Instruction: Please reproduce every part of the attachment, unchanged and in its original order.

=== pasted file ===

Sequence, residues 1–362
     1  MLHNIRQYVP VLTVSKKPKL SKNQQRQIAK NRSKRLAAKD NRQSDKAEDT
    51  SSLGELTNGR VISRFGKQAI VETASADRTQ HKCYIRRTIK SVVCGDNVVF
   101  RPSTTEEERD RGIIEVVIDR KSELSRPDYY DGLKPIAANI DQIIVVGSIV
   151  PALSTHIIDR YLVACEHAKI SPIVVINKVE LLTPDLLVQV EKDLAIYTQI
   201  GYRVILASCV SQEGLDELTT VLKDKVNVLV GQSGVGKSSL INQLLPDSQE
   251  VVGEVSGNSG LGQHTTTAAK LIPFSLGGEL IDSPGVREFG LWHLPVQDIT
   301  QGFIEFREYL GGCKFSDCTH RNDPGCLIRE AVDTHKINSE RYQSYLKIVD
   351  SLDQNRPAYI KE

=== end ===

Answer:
Sequence, residues 1–362
     1  MLHNIRQYVP VLTVSKKPKL SKNQQRQIAK NRSKRLAAKD NRQSDKAEDT
    51  SSLGELTNGR VISRFGKQAI VETASADRTQ HKCYIRRTIK SVVCGDNVVF
   101  RPSTTEEERD RGIIEVVIDR KSELSRPDYY DGLKPIAANI DQIIVVGSIV
   151  PALSTHIIDR YLVACEHAKI SPIVVINKVE LLTPDLLVQV EKDLAIYTQI
   201  GYRVILASCV SQEGLDELTT VLKDKVNVLV GQSGVGKSSL INQLLPDSQE
   251  VVGEVSGNSG LGQHTTTAAK LIPFSLGGEL IDSPGVREFG LWHLPVQDIT
   301  QGFIEFREYL GGCKFSDCTH RNDPGCLIRE AVDTHKINSE RYQSYLKIVD
   351  SLDQNRPAYI KE